I’ve had some pretty ‘bad’ yoga classes that I normally bounce back from pretty swiftly. By ‘bad,’ I mean that I didn’t get as far into a pose as I felt I should, or as far as I normally do or have done before, or that I got tired much faster than was usual for me.
One class recently really didn’t go well, but this time it upset me. A lot. Some much needed reflection meant that I was able to learn and gain from what at the time was an awful experience.
How the Class Started
Within the first few minutes of the class, as the teacher explained her style of teaching and we started on some breathing and poses, I decided that I did not like her, or the style of yoga (which I had yet to really experience), or this class, or just the general situation.
I’m in a fit place (for me) at the moment and have been doing yoga almost every day at home, as well as going to class when I can.
During the class, I could do the majority of the poses. I didn’t always hold them for the whole length of time, but this was a ‘core’ class and my core is my weakest spot, so I should have been both expecting and accepting this.
During this fateful 80 minutes, negative, unhelpful thoughts kept popping into my head—more frequently than I had experienced in a long time, if at all before.
More frequent than when I used to go to a tough hot yoga class after a day of work or when I would go for a run, followed by a yoga practice. More frequent than when I hadn’t practiced for a few weeks and came back to it sticky and stiff.
I kept thinking: “Nope, my body cannot do that. This is too hard. I’m too unfit for this. I can’t inhale for 8 seconds or make that noise when I breathe. I don’t have core strength to draw on for this pose! Everyone else is so much better than I am! You want me to balance on my arms NOW?!”
“I’m exhausted…I can’t do this…”
The Eureka Moment
At the end, while in Savasana, I almost started to cry. It came out of nowhere, that I was suddenly just incredibly worked up and upset. I was struggling to get my tears under control when I finally realised why I’d had such a “bad” class, why I was having such an intense reaction.
I had been fighting with myself for the entire class.
And what really hit me, while in a very vulnerable emotional state, lying on my mat in semi-darkness, trying not to cry in front of my yoga teacher, was that I do this All The Time. I’m fighting every decision I make or try to make, and every plan I come up with to get on track to realising my goals.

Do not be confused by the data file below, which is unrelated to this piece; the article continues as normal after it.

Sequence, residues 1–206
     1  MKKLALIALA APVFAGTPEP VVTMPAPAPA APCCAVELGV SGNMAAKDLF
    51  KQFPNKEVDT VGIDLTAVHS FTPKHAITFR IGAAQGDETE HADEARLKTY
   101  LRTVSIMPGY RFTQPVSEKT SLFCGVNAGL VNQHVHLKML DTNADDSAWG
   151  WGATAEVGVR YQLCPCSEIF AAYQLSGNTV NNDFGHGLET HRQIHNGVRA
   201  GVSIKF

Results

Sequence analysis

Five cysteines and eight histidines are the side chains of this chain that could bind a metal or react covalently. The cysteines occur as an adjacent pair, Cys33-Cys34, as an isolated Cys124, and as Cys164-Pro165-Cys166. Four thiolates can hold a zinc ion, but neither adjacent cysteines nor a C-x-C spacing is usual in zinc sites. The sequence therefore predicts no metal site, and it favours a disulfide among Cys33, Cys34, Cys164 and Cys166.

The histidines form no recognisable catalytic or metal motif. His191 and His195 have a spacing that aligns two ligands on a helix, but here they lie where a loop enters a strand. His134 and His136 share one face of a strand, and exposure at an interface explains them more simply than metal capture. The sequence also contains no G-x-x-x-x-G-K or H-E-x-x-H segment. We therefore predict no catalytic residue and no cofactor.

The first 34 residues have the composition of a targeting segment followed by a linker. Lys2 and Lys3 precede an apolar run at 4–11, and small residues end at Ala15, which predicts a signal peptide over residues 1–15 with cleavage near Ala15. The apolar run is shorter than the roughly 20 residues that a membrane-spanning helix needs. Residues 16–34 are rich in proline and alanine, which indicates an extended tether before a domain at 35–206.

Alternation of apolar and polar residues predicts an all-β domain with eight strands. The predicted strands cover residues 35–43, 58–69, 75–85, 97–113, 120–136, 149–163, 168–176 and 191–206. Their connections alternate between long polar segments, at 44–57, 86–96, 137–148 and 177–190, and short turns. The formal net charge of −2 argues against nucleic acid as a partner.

Every time I want to read a book or watch TV, I torment myself because I should be doing online classes or applying for jobs or exercising or that there are so many other things that I should be prioritizing and doing instead.
I made that class incredibly difficult because I fought myself the whole way through—my mind was everywhere but on the practice. My daily life and thoughts are taking the same blows, the same self-made obstacles, the same hits to my confidence.
Realising this is one step. Changing it is a whole other ball game (or yoga practice!).
Applying My Insight
All of my yoga teachers have instilled in me that what I practice on my mat, I take into the rest of my life. And I need to practice not fighting myself and accepting where I am.
I went back to that same yoga class and instructor a few days later, walked in knowing what to expect, and accepting that this was going to be difficult class.
And guess what? I rocked it. Different day, different mood, different awareness…all of it equalled a completely different practice. Next step is taking this enlightenment off my mat, and holding on to it every day.
by Jessica Meaney – Jessica completed a masters in psychology then decided that all along, she really wanted to be a writer. While working on this and other life goals, she is practicing yoga daily, training for a half marathon and hoping to start her teacher training soon. She lives in Ireland and spends her spare time reading, cooking and writing. Connect with her on Twitter.
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